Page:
[JURIST] The US Court of Appeals for the Ninth Circuit [official website] ruled [opinion, PDF] Tuesday that a Washington law that prohibits felons from voting violates Section 2 of the Voting Rights Act [text]. The Washington law, Article VI, Section 3 of the state constitution [text], states that, "All persons convicted of infamous crime unless restored to their civil rights and all persons while they are judicially declared mentally incompetent are excluded from the elective franchise." Washington defines [text] an infamous crime as one, "punishable by death in the state penitentiary or imprisonment in a state correctional facility." In issuing its opinion, the Ninth Circuit noted that despite the state's efforts to amend the law to reduce the discriminatory effect, "it does not protect minorities from being denied the right to vote upon conviction by a criminal justice system that Plaintiffs have demonstrated is materially tainted by discrimination and bias." Washington Secretary of State Sam Reed expressed surprise [press release] at the decision, and the state is expected to appeal.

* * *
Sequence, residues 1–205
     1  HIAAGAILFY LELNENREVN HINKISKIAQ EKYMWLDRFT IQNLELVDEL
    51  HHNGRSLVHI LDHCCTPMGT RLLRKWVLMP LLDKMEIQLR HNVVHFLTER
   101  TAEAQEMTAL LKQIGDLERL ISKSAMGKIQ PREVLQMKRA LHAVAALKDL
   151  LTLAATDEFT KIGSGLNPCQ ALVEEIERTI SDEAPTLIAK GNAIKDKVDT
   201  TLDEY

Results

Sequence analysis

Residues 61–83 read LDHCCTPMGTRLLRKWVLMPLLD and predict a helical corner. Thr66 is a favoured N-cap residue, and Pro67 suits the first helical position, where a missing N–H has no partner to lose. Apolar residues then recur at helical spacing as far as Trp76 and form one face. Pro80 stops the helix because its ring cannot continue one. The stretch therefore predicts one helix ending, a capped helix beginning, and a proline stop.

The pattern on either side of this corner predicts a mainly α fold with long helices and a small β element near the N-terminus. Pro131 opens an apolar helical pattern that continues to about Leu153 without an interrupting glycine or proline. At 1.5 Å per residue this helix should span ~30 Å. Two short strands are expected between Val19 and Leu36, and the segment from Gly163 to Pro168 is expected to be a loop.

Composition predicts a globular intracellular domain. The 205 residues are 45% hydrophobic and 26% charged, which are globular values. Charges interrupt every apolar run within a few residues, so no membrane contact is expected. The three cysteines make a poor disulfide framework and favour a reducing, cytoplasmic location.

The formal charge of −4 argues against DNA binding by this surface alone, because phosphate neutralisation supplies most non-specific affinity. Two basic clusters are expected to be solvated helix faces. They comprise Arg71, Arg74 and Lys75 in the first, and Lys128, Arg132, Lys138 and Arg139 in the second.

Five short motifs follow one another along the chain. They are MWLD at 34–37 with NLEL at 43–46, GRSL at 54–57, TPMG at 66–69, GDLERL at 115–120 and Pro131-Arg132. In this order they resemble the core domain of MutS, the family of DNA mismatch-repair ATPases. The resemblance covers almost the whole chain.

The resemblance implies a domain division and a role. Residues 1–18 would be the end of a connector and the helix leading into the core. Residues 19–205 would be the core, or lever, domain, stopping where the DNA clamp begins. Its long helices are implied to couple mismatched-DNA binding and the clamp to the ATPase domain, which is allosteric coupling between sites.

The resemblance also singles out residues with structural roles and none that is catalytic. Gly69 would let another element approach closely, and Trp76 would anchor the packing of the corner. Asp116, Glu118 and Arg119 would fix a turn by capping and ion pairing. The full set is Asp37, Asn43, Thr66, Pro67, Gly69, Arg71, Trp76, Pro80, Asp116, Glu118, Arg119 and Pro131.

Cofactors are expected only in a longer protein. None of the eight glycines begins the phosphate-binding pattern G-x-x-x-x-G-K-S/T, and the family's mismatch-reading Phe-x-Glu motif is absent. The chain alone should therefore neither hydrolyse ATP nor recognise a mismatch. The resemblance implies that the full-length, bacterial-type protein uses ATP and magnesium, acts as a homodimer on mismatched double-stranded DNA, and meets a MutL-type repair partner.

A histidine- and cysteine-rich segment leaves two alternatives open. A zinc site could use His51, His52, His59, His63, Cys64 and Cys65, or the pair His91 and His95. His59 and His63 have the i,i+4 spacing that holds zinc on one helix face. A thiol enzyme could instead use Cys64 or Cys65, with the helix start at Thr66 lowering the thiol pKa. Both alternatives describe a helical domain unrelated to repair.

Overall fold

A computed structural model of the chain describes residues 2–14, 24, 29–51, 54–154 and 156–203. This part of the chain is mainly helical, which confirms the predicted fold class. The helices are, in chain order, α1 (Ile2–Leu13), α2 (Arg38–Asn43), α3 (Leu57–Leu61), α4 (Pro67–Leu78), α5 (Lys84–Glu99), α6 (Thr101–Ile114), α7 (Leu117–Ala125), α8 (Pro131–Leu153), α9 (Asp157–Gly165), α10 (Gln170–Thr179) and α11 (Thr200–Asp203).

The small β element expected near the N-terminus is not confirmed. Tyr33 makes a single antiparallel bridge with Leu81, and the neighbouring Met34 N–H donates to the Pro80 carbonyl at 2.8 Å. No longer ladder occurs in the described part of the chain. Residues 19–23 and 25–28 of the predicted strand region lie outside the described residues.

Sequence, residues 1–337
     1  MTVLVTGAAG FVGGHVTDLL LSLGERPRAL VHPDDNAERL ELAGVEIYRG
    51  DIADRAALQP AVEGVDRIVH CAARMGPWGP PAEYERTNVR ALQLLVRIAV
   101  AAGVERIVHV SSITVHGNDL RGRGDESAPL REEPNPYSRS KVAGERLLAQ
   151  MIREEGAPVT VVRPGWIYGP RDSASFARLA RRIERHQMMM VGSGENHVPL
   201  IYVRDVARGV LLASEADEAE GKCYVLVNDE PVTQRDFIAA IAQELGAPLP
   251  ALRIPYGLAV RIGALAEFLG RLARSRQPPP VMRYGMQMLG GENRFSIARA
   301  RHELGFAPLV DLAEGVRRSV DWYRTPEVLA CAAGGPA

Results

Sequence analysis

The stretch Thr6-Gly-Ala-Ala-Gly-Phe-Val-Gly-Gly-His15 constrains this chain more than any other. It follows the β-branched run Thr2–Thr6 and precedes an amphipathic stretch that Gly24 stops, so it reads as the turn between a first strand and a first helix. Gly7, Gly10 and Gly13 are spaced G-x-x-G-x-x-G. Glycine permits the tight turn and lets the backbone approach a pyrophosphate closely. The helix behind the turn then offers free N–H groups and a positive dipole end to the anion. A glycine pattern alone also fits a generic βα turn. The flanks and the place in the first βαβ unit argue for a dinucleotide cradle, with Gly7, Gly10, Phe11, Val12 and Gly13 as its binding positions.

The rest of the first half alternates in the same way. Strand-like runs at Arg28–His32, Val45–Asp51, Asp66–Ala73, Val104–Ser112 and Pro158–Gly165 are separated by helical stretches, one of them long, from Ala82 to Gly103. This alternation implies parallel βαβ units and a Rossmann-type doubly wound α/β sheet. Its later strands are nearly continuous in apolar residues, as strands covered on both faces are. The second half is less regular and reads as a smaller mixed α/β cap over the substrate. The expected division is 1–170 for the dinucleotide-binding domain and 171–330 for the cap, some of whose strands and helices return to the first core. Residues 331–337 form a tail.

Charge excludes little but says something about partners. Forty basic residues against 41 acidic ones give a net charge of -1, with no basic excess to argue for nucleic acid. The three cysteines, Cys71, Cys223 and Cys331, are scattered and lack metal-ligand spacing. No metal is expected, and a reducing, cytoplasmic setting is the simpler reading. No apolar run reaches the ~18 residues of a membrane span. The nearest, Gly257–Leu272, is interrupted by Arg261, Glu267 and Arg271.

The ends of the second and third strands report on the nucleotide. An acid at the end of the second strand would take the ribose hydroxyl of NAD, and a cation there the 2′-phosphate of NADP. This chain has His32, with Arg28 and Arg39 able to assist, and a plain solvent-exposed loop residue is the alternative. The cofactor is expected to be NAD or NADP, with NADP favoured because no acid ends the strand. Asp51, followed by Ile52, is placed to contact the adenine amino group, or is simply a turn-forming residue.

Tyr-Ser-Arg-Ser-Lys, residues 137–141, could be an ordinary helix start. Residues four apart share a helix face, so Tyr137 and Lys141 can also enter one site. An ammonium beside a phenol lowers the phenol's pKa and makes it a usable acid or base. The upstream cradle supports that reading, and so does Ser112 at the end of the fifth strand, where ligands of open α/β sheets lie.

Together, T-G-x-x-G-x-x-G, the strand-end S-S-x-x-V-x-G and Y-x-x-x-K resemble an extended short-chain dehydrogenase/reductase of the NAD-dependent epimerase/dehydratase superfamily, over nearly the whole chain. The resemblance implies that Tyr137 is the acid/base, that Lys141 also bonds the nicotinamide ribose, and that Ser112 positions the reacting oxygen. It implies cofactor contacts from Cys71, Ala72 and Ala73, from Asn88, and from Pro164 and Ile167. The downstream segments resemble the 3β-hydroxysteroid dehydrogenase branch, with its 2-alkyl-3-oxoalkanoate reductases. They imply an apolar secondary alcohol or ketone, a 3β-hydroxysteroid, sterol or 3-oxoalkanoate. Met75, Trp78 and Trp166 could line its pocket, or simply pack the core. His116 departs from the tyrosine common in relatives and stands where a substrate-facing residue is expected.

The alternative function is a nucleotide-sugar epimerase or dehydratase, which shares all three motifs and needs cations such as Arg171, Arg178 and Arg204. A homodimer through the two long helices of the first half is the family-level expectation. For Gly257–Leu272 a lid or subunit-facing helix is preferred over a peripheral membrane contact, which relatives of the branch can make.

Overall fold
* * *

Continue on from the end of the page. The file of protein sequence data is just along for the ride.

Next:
Felon voting rights are varied throughout the US [ProCon backgrounder], with 12 states completely restricting the right to vote depending on the crime committed, while Maine and Vermont allow all felons to vote, including those still serving their prison sentences. In October 2008, the American Civil Liberties Union (ACLU) [advocacy website] released a report showing widespread disenfranchisement [JURIST report] among ex-convicts, including most prominently a lack of knowledge of state laws regarding voting rights. Earlier that year, the ACLU filed suit [JURIST report] challenging additions to Alabama's felon voting disenfranchisement law made by the state's attorney general. In February 2008, the ACLU filed suit [JURIST report] alleging that a Tennessee law that requires ex-convicts to pay all outstanding legal obligations before being granted the right to vote violates the Fourteenth Amendment.